MyTaxi users complain of confusion and shortages after Hailo changeover

MyTaxi says ‘vast majority’ of transition has been successful

Hailo became MyTaxi in March but for two months after the changeover both apps were running side by side. Photograph: Alan Betson / The Irish Times

Hailo became MyTaxi in March but for two months after the changeover both apps were running side by side. Photograph: Alan Betson / The Irish Times

 

Outraged users of the Hailo taxi app have been taking to social media in large numbers to complain about how the taxi booking service’s new owners MyTaxi have handled its move to a new platform.

Hailo became MyTaxi in March but for two months after the changeover both apps were running side by side, with the last of the Hailo customers migrating to the new platform recently.

The changeover has not gone as smoothly as the Daimler-owned MyTaxi would have liked. There have been reports of difficulties for people looking for taxis and for taxi drivers looking for people, while making credit card payments and organising bookings have also proved problematic.

The new company’s Facebook page has been inundated with customers complaining about the service while others have taken to Twitter to highlight perceived failings. One customer complained that a taxi he had ordered was taken by someone else while his credit card was billed for the journey.

Shortages

Others have spoken about shortages of cabs on the new system.

“I don’t know what is going on but it is not good,” one taxi driver told The Irish Times. “I have spoken to passengers who have highlighted problems both when registering with the service and using it.”

“I am getting bookings which just disappear from the system. If I don’t have passenger details I can’t make pick-ups and customers have no way of knowing that. This service depends on good feedback and that is not what I am getting.”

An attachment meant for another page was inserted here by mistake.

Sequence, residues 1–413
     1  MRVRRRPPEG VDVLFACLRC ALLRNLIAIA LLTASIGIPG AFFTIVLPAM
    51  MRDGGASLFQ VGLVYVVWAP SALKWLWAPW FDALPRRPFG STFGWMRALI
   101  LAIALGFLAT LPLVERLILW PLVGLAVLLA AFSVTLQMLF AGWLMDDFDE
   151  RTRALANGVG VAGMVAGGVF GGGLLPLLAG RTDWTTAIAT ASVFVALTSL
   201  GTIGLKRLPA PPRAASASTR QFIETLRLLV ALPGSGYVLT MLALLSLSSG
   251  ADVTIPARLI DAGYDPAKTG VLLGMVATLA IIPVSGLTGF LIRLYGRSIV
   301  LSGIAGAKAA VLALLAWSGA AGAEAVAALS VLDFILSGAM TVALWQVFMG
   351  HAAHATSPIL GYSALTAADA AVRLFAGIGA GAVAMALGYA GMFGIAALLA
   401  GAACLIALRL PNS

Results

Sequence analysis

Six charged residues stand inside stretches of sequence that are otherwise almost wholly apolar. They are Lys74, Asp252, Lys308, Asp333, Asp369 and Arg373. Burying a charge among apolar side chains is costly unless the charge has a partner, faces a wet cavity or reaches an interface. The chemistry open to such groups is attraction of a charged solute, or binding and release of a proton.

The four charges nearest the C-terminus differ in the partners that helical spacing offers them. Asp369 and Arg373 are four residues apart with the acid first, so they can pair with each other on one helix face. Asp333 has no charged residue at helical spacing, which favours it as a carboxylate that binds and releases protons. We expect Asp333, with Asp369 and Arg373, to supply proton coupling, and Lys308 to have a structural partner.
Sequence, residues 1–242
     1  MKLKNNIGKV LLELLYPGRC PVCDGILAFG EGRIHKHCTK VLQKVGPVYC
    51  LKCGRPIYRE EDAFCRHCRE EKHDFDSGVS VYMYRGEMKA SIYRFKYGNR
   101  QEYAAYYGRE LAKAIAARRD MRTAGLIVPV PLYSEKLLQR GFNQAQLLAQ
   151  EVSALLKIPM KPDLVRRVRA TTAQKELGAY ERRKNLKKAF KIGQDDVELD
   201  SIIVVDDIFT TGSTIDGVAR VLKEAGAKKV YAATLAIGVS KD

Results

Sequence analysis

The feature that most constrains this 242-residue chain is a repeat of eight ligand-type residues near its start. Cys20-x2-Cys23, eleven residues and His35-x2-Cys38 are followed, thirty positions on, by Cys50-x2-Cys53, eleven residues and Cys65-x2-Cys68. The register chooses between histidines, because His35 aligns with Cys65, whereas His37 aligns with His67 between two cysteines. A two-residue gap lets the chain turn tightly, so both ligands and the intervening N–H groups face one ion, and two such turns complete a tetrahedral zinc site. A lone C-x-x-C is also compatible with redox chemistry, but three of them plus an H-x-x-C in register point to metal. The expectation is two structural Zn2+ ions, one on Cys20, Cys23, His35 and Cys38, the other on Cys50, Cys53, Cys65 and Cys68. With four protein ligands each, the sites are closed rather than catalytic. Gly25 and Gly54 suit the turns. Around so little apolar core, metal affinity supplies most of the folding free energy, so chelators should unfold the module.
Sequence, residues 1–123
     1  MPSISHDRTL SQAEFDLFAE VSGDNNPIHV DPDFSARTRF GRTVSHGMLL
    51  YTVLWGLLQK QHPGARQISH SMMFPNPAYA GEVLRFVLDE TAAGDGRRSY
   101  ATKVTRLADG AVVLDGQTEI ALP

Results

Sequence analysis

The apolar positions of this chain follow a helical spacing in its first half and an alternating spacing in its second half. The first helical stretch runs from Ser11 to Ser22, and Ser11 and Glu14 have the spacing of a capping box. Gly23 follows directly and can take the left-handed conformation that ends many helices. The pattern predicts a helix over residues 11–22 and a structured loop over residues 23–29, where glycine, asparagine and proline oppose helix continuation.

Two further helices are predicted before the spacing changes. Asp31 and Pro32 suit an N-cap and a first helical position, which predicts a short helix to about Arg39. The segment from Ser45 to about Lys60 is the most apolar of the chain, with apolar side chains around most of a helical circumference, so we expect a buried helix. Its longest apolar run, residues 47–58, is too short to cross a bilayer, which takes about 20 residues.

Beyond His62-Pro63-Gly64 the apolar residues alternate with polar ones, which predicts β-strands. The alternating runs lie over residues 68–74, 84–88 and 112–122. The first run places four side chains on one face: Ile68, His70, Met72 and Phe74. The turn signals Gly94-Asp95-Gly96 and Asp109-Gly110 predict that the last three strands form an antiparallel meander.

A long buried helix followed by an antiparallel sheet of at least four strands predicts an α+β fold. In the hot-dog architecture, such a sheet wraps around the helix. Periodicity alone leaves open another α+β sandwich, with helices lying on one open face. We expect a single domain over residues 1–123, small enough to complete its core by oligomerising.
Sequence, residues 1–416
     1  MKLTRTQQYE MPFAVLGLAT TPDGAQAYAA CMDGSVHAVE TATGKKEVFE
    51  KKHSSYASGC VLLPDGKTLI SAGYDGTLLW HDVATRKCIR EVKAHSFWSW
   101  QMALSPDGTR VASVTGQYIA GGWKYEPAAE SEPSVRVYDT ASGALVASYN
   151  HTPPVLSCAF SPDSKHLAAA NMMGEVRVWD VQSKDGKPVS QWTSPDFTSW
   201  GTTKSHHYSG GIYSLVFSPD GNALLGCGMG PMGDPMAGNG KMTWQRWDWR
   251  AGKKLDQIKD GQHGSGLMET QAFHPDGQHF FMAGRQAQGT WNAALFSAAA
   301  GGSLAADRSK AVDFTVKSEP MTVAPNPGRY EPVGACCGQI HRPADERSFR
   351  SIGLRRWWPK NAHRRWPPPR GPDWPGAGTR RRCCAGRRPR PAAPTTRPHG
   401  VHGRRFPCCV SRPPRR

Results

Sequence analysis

The general manager of MyTaxi in Ireland Tim Arnold said he welcomed all feedback. “We recognise there have been issues for some passengers and drivers but for the vast majority the transition has been hugely successful,” he said.

“We know significant changes have been made but the reality is you cannot withhold a launch until everything is perfect, you can never do that. You have to launch a product and make changes and improvements as you go. That is what we are doing.”

More cars

Mr Arnold said supply was always challenging “at peak times”.

“There are more cars on MyTaxi then on Hailo and we are adding more all the time,” he said. “But the reality is demand from consumers is growing at a faster rate than supply.”

Mr Arnold accepted recent months had been “particularly challenging for drivers” and he ascribed navigation problems to the new service using a different mapping service but said modifications were being rolled out “to give drivers more control.”

Hailo launched in 2009 and became available in Ireland in 2012, and 20 per cent of the population have now registered with the app. It carried more than 28 million passengers on nearly 19 million journeys and had more than 10,000 registered drivers before the takeover.